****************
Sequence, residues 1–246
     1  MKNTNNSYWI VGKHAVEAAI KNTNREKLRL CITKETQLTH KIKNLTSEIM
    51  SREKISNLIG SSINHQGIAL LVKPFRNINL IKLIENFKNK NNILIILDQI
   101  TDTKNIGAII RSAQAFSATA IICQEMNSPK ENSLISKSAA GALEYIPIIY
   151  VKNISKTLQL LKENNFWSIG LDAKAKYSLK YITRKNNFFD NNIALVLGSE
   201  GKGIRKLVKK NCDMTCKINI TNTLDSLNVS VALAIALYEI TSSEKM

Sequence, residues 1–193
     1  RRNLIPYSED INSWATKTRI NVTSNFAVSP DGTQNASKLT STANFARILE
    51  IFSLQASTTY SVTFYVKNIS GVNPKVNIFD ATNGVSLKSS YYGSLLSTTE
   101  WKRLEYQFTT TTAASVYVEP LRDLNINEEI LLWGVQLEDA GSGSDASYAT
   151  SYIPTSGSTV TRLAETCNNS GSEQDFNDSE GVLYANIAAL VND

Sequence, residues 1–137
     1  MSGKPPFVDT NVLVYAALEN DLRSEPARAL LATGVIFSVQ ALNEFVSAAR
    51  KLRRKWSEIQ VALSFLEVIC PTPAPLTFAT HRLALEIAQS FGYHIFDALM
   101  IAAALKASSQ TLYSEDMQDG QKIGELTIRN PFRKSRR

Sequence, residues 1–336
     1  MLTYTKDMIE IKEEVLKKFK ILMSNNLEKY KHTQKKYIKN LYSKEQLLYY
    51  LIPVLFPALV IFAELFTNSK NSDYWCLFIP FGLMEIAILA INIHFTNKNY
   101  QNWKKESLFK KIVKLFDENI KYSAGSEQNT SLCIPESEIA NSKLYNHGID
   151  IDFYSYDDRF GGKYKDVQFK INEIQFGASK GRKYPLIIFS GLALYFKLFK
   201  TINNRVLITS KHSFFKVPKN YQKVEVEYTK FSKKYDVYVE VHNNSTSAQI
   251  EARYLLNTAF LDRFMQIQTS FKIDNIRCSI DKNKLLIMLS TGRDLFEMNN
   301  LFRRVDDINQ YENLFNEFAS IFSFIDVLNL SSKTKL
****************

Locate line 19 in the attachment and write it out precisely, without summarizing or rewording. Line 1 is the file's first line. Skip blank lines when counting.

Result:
   101  QNWKKESLFK KIVKLFDENI KYSAGSEQNT SLCIPESEIA NSKLYNHGID